What is the real reason why romantic movies, as awesome and memorable as some of them may be, will never quite match the real thing? It actually all boils down to lived experience. Someone can tell you about love, others can describe suspense, while some can describe belonging and passion. Though this is all well and good, but the problem is—you can only talk in universal terms.
That’s the best a movie can do. Why? It has to appeal to a wide audience, otherwise, it’s not going to make any money.
Now, you probably already know that just because a lot of people are watching the same phenomenon, doesn’t necessarily mean that they all agree on the phenomenon. It doesn’t necessary mean that they all speak the same emotional language or they work from the same emotional script. After all, people come from different backgrounds, and different experiences shape people.
If you want to truly want see the world from the perspective of another person, you need to experience what they experienced, go through what they had to go through. Now, do you realize how complicated this is? Can you picture why romantic movies can never really capture the essence of romance? It can only use rhetorical tricks, and only use emotional sleight of hand.
In a way, it’s programed to operate like this because it has to please different people. There is no one sort of movie message that will resonate with all the people because of the fact that we are all different, and we all had different experiences.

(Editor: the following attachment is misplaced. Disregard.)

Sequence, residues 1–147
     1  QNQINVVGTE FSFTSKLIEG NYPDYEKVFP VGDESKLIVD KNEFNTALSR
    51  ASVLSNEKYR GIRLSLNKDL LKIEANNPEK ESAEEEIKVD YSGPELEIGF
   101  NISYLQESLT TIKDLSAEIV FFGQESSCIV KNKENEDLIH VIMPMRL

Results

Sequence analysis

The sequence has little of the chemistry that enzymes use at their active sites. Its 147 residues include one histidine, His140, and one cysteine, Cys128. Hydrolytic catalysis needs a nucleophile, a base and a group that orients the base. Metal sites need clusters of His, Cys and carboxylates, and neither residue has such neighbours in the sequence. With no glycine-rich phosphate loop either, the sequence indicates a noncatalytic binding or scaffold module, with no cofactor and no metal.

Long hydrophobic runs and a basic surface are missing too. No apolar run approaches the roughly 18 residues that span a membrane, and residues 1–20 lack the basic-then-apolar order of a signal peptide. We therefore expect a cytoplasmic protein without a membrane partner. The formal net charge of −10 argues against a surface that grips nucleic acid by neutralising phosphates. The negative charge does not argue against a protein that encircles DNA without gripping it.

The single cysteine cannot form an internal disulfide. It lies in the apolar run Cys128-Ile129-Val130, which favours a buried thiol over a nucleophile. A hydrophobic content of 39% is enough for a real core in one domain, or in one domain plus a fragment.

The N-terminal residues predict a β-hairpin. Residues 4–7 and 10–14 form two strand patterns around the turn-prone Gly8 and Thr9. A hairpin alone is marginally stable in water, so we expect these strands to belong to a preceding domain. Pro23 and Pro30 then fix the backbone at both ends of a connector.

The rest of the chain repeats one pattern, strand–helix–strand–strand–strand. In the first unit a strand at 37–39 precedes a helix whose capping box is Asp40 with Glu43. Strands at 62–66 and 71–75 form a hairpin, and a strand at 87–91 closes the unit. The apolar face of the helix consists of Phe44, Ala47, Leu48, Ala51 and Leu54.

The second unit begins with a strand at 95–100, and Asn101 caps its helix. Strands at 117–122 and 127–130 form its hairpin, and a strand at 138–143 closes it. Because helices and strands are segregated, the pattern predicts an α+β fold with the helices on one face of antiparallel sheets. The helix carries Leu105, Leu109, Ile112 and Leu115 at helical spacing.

So, what are you going to do? You shoot for the lowest common denominator. This is the essence of method acting. Actors ranging from James Dean, to Marlon Brando, to Dustin Hoffman and Al Pacino understand this. They don’t go out of their way to truly come up with the emotional range that is specific to individuals in the audience—it won’t work. That borders on mimicry.
Instead, they focused on the lowest common denominator. They look at all the audience members and understand from their cultural assumptions that they would basically agree on a certain narrow range of emotions. A great many actors zero-in on that narrow range and project it to the people watching. People then read-in their meaning and they get affected. That’s how it works.
This mechanism also explains why romantic movies will never be as good as the real thing. You won’t get that feeling that you have butterflies in your stomach, or get that same level of raw emotional urgency. You won’t get that sense that if you don’t make her smile or laugh—that you have dropped the ball—it’s the end of the world.
Understand the limitations of cinema because it’s too easy for movies to become victims of our expectations. It’s as if we expect so much authenticity and sincerity from the cultural products we consume that we end up sabotaging our enjoyment of them. In a way, it’s a good idea to avoid reading meaning into a lot of stuff that we consume. Instead, it could be very helpful if we just take things on surface value from time to time. This definitely applies to cinema.